First, the acting from Sean Maguire and Lucy Speed is excellent. Maguire is suitably frustrated with his situation and the way he lashes out at the word is well measured and his determination is full of emotion. Speed is confident beyond her tender years and her manipulative powers present an intriguing history.
And the mood of the piece is quite astounding for a piece of childrens tv. Death, separation, mental health, bullying and love are all packed tightly into the shows DNA. Each aspect cleverly taps into the fears of any child and allows them to relate to the character's personal tragedies.
The use of a fairground is also an inspired choice which represents an escape for all the characters where they can start again. Every child feels like running away at some point in their life, so again, it's something the young viewers can engage with and Bernard Ashley deserves credit for this simple, but effective device.
However, there are a few minuses as well.
Sometimes the mood is just too heavy for a childrens show and moves into depressing territory. Sure, there's light at the end of the tunnel, but the journey there is a hard trodden path which is a bit of a struggle for the viewer.
This isn't helped by the length of the series either. 4 or 5 episodes would have made for a more lively piece whereas, at 6 episodes, it does seem to drag at times - particularly life in the foster home with its collection of cartoon bullies.
And some of the acting is a little poor. John Telfer's range for portraying a depressed father is limited and it seems more a case of barely acting rather than sinking his teeth into the deep psychological issues Alex is going through.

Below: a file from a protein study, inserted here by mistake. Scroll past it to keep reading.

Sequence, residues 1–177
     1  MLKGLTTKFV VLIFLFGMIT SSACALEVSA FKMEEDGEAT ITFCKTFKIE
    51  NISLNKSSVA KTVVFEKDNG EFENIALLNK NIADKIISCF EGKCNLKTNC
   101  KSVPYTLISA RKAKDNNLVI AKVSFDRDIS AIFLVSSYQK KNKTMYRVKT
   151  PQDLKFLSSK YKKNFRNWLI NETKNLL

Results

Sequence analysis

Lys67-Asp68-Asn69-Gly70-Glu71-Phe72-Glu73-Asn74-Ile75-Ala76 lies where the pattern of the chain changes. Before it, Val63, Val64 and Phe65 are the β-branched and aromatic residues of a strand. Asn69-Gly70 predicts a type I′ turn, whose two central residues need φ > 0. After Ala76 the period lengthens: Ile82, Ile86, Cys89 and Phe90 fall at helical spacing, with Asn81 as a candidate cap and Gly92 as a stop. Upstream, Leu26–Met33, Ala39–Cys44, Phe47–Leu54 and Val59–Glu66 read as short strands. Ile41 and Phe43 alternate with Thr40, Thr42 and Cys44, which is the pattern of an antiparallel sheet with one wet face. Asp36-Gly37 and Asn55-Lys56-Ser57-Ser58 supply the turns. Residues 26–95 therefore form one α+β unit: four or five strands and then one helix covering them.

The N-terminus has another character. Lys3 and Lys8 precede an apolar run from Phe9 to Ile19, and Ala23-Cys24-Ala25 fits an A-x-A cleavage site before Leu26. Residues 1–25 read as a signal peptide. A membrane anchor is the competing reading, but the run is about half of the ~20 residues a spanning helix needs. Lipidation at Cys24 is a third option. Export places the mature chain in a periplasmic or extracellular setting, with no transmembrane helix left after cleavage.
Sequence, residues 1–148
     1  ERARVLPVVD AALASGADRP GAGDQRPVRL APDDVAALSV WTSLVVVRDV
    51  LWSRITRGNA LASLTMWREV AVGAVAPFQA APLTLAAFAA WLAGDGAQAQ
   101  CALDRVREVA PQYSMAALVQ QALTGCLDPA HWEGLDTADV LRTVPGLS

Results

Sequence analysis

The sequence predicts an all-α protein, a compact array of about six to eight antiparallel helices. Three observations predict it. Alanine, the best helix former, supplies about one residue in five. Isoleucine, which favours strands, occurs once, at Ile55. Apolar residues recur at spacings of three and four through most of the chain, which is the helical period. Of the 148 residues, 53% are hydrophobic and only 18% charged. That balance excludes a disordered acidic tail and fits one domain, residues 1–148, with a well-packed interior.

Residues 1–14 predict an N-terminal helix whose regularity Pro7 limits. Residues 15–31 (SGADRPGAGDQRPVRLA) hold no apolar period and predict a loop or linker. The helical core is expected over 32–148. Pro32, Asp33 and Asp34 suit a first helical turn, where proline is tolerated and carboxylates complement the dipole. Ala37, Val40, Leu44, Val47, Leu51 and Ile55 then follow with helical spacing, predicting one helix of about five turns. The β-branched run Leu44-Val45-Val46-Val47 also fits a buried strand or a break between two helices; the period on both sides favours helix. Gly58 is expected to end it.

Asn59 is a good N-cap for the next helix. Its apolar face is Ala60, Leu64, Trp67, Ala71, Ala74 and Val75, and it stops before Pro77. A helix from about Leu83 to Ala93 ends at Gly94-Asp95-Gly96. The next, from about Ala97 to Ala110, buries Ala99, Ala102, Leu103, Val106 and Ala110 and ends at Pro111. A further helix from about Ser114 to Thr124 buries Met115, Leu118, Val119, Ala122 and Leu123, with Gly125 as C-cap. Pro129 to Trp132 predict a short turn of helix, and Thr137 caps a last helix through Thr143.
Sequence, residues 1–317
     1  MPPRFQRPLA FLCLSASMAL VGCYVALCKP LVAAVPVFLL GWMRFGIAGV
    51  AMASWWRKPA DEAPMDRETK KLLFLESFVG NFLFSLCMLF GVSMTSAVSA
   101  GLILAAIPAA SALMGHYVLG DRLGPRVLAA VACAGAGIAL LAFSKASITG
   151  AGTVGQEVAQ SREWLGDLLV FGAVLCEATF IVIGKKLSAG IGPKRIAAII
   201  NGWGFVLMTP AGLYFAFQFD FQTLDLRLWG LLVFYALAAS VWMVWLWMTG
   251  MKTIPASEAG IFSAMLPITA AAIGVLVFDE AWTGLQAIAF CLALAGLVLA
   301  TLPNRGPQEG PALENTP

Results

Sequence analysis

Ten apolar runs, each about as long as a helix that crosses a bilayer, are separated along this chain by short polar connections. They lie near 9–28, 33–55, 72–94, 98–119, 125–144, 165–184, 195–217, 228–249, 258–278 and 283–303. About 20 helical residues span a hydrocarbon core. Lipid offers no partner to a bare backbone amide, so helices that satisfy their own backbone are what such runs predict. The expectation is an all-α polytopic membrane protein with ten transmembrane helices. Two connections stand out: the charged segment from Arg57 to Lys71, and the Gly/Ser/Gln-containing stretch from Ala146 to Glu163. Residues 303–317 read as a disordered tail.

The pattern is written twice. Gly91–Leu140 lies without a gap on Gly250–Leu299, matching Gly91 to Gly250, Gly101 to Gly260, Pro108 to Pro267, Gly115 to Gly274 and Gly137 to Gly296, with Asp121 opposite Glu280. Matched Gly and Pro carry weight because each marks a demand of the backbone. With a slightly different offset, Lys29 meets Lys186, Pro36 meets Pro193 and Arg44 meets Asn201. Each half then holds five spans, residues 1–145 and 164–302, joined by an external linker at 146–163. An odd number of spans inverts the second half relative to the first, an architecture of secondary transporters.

The storyline is also a little muddied. There are no real antagonists apart from life itself. The occasional foe turns up for Simon, but they're small time and play no real part in how the story unfolds. Mental health is the biggest bad guy on offer, but maybe it's too complex for children to truly grasp.
The message sent out by actually escaping and joining the fair seemed a little strange in our opinion. There are no real ramifications for their actions which come across as desperate and immature. In a way, though, it does highlight that adults can make mistakes.
The resolution to the show is a bit baffling as everything is tied up just a little too neatly. Given how the characters have behaved they all seem to be getting off scot free. A happy ending is certainly needed after all the emotional hardship they've gone through, but we were left wanting something a little more believable.
Dodgem is a decent-ish show, but it's heavy going for a piece of childrens TV which could badly do with a little more joy along the way to lighten the load.
It's boosted by the great performances of Sean Maguire and Lucy Speed who would both end up in EastEnders in a few years time, but, despite continuing to act on TV, for one reason or another they've never quite set the world alight.
Dodgem is certainly worthy of a watch in the name of retro TV, but it doesn't rank as highly in the annals of classic TV in the same manner that Running Scared does.